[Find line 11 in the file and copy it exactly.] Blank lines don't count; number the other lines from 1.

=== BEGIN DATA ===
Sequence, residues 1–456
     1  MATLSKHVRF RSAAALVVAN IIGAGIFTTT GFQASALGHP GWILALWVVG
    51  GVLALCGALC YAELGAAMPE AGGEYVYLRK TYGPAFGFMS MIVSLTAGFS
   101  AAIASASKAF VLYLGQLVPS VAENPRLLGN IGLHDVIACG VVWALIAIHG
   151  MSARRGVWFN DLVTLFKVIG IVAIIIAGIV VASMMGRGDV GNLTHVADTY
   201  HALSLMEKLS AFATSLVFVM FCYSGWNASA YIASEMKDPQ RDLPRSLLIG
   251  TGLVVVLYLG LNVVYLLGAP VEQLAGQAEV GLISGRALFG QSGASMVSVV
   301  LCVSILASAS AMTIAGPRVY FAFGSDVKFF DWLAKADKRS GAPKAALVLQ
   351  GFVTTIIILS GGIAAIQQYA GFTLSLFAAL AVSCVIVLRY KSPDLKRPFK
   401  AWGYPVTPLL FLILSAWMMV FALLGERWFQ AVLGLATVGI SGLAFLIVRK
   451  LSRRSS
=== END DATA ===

   451  LSRRSS